Nutrition, health and food security

FISH developed new evidence and knowledge
products on the nutritional values of fish and other aquatic foods, particularly their global importance in healthy, nutritious diets and ending malnutrition, including their critical role in diets in the first 1000 days. These contributions can be enhanced by securing sustainable and diverse supplies, integrating aquatic foods within food and nutrition policies, reorienting fisheries and aquaculture policies toward nutrition-sensitive approaches, and enhancing access in vulnerable geographies and social groups. The integration of fish and aquatic foods within social protection and emergency responses, such as school feeding programs, is a critical pathway to improve nutrition of the most vulnerable and provide lifelong benefits, including educational potential, especially for girls. FISH researchers and partners contributed to an influential UN Nutrition Discussion Paper and the UN Food Systems Summit and related policy processes that have led to increased recognition at the highest levels of fish and aquatic foods and the small-scale actors that steward fish agri-food systems.

Poverty reduction, livelihoods and jobs

Small-scale actors are crucial stewards of aquatic
resources and play critical roles in shepherding fish and other aquatic foods through food systems to consumers. Securing or improving these roles—by sustaining access to productive
small-scale fisheries, small-scale aquaculture or investing in women in value chains—provides multiple opportunities for poverty reduction, better livelihoods and new jobs. Small-scale actors make up more than 70 percent of those engaged in fisheries and aquaculture but are often “hidden” in data and governance structures, with voices and experiences rarely heard. FISH has helped quantify these opportunities and shown that greater attention in policy and investment
to small-scale actors provides a highly significant but often overlooked opportunity to advance equity, nutrition, livelihood and resilience outcomes from fish agri-food systems.

Gender equality, youth and social inclusion

FISH delivered new knowledge and innovation that pushes the frontier of gender equality and social equity in agri-food systems.
FISH and partners addressed the most fundamental case of exclusion—the persistent underrepresentation of women and their labor in data—illuminating, for example, that at least 44 million women worldwide contribute labor in pre-harvest, harvest and post-harvest roles in small-scale fisheries. However, the essential roles women play, like in processing and trading fish in Africa, are poorly supported by policy and investment, a situation made worse during COVID-19. Systemic inequities and barriers based on gender, age, wealth, ability or other social identities must be addressed and vulnerable groups empowered if fish agri-food systems are to help achieve food and nutrition security, decent livelihoods and poverty reduction. FISH has created new approaches and tools for gender equality in fish agri-food systems, such as a gender-transformative approach that address systemic, yet invisible, barriers to equity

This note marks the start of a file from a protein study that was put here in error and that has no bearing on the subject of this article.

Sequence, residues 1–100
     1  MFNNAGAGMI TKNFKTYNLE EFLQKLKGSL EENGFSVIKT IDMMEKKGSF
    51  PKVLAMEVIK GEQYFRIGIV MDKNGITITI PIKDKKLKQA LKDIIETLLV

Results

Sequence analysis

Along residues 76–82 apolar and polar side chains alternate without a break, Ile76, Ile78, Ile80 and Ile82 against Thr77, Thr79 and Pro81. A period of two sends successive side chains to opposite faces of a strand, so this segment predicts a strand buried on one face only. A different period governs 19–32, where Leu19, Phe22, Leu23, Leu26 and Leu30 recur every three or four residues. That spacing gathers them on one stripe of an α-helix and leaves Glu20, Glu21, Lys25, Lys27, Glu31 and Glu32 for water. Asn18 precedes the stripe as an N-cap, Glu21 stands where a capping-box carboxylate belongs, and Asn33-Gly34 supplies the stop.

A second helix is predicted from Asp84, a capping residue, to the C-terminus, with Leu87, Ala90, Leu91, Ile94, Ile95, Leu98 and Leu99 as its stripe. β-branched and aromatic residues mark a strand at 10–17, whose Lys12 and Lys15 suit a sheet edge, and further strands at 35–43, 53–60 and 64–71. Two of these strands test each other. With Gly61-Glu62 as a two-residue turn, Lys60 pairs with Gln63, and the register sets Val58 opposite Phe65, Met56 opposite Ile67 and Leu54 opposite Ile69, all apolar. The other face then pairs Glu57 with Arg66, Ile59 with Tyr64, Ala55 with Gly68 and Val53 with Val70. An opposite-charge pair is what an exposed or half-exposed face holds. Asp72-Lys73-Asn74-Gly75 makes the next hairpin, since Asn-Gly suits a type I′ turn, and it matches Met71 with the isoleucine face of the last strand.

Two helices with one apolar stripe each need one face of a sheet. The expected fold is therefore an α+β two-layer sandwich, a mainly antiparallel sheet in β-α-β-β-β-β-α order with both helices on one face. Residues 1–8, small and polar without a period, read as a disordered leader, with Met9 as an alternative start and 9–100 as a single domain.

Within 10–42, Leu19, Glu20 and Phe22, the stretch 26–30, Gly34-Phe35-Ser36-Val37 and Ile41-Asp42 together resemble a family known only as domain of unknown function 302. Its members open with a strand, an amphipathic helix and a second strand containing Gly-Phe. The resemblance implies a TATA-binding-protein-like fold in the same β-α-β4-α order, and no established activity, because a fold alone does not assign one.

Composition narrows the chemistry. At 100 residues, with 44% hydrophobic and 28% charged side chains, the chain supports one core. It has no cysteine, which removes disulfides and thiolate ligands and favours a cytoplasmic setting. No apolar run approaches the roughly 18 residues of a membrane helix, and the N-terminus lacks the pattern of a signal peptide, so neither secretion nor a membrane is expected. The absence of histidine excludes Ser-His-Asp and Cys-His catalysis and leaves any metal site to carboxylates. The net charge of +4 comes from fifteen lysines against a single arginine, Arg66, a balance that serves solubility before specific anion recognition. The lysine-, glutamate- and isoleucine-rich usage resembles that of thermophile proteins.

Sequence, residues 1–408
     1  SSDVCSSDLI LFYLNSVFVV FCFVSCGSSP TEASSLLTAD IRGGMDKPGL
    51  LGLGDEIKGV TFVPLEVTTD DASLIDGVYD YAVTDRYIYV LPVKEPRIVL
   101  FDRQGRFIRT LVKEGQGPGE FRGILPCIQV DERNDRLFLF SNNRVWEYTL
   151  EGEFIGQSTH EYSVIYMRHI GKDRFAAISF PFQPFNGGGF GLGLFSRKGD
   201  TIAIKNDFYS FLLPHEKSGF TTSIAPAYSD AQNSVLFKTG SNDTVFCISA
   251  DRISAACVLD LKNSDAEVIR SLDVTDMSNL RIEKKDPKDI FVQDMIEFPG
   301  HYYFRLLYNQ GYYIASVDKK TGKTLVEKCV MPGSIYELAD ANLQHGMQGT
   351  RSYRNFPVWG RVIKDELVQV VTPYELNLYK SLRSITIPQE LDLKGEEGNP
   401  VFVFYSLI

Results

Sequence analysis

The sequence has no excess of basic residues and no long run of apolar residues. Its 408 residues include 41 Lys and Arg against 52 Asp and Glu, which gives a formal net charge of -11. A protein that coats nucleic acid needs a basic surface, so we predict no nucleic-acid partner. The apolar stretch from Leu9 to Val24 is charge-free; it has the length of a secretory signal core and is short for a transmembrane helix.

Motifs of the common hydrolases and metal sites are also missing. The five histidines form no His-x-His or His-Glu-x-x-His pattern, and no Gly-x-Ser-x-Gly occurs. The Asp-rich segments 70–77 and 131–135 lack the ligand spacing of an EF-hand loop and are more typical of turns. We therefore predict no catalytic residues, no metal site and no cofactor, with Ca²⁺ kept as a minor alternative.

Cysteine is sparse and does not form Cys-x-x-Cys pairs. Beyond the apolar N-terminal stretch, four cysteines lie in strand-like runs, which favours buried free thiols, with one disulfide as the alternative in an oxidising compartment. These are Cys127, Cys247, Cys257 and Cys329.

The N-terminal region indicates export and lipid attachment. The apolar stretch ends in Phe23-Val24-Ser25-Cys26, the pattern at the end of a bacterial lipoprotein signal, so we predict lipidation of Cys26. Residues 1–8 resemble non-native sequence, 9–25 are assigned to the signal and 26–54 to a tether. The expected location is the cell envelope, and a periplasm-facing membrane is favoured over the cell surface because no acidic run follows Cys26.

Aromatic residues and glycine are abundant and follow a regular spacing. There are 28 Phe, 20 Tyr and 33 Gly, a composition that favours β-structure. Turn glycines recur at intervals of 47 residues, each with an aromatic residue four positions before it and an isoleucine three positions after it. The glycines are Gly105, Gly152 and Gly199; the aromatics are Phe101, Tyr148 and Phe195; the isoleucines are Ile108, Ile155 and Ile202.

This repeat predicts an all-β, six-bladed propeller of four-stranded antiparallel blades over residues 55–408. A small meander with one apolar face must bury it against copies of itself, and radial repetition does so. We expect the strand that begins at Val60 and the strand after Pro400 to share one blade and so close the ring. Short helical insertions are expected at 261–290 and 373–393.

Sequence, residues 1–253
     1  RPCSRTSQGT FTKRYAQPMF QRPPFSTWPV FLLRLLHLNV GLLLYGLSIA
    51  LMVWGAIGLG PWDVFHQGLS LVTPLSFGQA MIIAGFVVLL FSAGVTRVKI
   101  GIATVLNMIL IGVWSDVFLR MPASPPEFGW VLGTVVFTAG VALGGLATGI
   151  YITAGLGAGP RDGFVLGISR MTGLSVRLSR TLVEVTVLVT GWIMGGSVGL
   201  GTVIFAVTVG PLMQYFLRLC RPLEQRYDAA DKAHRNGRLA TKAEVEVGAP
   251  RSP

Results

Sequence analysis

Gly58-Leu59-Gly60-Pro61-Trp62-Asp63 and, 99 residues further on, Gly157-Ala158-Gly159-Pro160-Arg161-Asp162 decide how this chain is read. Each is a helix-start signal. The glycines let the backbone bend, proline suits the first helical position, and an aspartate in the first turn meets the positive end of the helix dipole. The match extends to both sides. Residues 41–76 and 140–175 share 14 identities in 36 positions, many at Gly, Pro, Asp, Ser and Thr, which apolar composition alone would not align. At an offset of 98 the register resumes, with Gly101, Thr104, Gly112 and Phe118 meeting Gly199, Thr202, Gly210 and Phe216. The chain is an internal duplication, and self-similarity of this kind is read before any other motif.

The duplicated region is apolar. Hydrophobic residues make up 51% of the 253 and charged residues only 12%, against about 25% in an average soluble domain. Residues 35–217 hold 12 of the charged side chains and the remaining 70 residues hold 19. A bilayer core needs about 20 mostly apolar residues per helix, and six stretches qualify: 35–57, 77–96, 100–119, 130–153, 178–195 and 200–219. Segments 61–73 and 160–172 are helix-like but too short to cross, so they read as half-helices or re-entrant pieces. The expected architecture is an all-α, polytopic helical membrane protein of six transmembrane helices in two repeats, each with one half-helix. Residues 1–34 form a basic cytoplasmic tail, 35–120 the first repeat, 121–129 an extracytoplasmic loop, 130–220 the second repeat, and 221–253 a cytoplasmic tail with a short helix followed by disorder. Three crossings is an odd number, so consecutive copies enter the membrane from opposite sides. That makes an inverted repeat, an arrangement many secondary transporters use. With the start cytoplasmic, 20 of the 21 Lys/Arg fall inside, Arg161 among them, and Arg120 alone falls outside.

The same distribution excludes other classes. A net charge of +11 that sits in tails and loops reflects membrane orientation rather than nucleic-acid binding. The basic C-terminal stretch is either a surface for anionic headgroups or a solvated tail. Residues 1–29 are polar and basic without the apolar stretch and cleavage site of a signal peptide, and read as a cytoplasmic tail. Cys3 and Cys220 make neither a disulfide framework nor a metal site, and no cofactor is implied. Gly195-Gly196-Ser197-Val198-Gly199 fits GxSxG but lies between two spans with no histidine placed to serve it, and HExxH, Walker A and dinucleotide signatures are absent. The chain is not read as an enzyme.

Climate adaptation and greenhouse gas reduction

Climate change is impacting fisheries and aquaculture. Yet fish and other aquatic foods also provide pathways to improve
the resilience of food, land and water systems, including as a supply of nutritious food that can help reduce greenhouse gas emissions in the fish agri-food system. FISH research has
provided new tools and frameworks for inclusive and holistic climate adaptation in coastal communities and worked with partners to apply new climate information tools to mitigate
risks. The management and technology approaches in fisheries and aquaculture have helped highlight low carbon opportunities for mitigation, such as the work on tilapia farming systems in Egypt through adoption of new tilapia strains and better management practices.

Environmental health and biodiversity

Small-scale fisheries and aquaculture are commonly missing from policies and investments for water and land management. This often leads to unintended negative impacts on fisheries productivity and the nutrition and livelihoods of people dependent on them. FISH has shown positive social, economic and environmental outcomes when small-scale fisheries and aquaculture are provided with operating space and enabling conditions in multifunctional water and landscape policies and investments. Achievements were made in the development of innovations, guidance and tools to integrate fisheries into modern irrigation systems and rice-dominated landscapes. New tools for assessing aquaculture futures also provided policy advice on the design of new pathways for sustainable aquaculture growth and the application of FISH innovations to improvements in environmental health and biodiversity.

Pathways to impact in fish agri-food systems

FISH has made progress in translating research and innovation to impact through four key pathways:
(i) using research evidence and partnerships to influence policies, institutions and investments,
(ii) creating global public good innovations and enabling adoption and dissemination of validated innovations,
(iii)building partnerships across the research-to-impact pathway with public, private and civil society agencies and communities, and
(iv) supporting partners in diverse ways to put research into use. A key learning from FISH is that a firm focus on such change mechanisms is necessary for sustained uptake of fish agrifood system research and innovation as the foundation for longer-term impacts. The approach has already provided benefits as noted in the 2020 independent evaluation: “Management and governance have helped translate research results into meaningful impact” and “Hundreds of thousands
of individuals in low-income countries have had their income, empowerment and nutrition enhanced.”